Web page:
Records have revealed that many warehouses were built in government offices and large temples during the Nara period. "Shoso" originally referred to warehouses in which to keep the "shozei" tax. They were built in administrative offices (including the Treasury Ministry, or "Okurasho" in Japanese) to keep rice and other articles from different regions, which were paid as a tax during the Nara period. Additionally, large temples had warehouses in which to keep the articles offered by their estates, as well as temple household goods and treasures. This warehouse was called "shoso," and a fenced-off area containing a shoso was called "shosoin." Each of the Seven Great Temples of Nara once had its own "shosoin," but they were all lost except for the one in Todai-ji Temple. Therefore, the name of 'Shosoin' is now a proper noun that specifically means the treasure house located in the northwest of Daibutsu-den Hall, Todai-ji Temple.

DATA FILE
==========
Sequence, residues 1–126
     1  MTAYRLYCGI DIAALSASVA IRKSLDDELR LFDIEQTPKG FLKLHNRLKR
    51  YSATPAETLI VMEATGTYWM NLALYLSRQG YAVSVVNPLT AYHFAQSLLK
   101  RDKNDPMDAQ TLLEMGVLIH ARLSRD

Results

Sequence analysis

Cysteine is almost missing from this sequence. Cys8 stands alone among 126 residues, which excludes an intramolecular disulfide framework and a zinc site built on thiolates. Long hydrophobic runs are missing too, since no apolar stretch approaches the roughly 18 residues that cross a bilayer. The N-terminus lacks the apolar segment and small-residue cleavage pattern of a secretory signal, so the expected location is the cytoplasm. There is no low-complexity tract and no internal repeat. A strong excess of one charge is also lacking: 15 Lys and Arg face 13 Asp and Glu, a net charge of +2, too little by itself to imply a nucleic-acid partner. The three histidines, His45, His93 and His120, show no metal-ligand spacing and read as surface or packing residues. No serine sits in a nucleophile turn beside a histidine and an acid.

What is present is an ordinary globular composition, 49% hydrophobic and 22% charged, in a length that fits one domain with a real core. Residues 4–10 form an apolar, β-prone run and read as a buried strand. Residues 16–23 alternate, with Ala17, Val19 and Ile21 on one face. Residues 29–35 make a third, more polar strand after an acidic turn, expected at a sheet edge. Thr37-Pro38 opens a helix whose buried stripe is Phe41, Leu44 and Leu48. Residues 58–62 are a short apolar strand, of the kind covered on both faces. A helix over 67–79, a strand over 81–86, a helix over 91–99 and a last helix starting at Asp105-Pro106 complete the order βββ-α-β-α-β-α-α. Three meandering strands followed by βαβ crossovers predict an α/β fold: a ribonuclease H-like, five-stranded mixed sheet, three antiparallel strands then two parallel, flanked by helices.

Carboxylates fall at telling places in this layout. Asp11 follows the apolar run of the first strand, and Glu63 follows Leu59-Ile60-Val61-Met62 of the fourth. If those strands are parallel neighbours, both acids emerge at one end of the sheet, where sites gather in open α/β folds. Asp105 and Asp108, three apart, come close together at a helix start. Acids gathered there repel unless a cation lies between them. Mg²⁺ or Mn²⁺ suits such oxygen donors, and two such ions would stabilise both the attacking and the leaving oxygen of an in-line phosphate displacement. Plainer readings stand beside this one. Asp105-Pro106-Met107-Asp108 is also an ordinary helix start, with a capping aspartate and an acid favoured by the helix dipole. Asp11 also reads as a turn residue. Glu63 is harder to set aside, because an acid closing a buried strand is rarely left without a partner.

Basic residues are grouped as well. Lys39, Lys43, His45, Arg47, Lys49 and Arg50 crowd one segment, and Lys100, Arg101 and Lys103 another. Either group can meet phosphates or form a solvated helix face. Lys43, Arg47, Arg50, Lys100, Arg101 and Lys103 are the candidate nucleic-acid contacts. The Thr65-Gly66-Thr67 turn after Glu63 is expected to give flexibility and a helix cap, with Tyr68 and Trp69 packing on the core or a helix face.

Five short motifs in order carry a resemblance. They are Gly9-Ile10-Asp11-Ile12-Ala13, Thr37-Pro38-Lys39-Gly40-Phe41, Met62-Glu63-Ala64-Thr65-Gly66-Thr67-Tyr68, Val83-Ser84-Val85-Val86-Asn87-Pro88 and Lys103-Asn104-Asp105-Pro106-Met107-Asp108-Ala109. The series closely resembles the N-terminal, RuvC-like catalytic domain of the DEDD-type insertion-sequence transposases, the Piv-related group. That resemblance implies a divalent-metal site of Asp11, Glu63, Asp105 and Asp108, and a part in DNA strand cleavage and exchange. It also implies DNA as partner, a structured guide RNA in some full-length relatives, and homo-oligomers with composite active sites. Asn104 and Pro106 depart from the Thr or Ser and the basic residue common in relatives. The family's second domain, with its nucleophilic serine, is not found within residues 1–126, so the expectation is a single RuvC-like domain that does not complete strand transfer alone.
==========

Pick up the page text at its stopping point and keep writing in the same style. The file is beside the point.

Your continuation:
Shosoin treasures

In the year 756, Empress Komyo dedicated approximately 650 items associated with her late husband, Emperor Shomu, along with approximately 60 kinds of medicines, to Rushanabutsu (Great Buddha) on the forty-ninth day after the Emperor's death. Empress Komyo dedicated articles associated with Emperor Shomu and herself to the Great Buddha on three different occasions. These articles are listed among the five kinds of Kenmotsu Cho (list of treasures dedicated to a temple) still in existence. These treasures were stored in Shosoin.

Hokuso, Nanso, Chuso

The treasure house in Shosoin is divided into three sections; Hokuso (north section), Chuso (middle section) and Nanso (south section).